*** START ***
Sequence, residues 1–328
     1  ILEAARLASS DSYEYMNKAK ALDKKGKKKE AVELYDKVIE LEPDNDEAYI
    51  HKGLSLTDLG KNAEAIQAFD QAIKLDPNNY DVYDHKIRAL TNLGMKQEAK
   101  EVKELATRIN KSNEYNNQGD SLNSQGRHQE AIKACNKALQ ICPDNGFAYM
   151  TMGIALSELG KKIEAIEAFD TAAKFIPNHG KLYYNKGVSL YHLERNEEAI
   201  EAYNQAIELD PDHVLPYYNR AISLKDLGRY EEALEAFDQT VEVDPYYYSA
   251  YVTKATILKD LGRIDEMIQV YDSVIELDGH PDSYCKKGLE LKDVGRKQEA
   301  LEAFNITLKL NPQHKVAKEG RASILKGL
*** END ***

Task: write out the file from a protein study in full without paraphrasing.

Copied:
Sequence, residues 1–328
     1  ILEAARLASS DSYEYMNKAK ALDKKGKKKE AVELYDKVIE LEPDNDEAYI
    51  HKGLSLTDLG KNAEAIQAFD QAIKLDPNNY DVYDHKIRAL TNLGMKQEAK
   101  EVKELATRIN KSNEYNNQGD SLNSQGRHQE AIKACNKALQ ICPDNGFAYM
   151  TMGIALSELG KKIEAIEAFD TAAKFIPNHG KLYYNKGVSL YHLERNEEAI
   201  EAYNQAIELD PDHVLPYYNR AISLKDLGRY EEALEAFDQT VEVDPYYYSA
   251  YVTKATILKD LGRIDEMIQV YDSVIELDGH PDSYCKKGLE LKDVGRKQEA
   301  LEAFNITLKL NPQHKVAKEG RASILKGL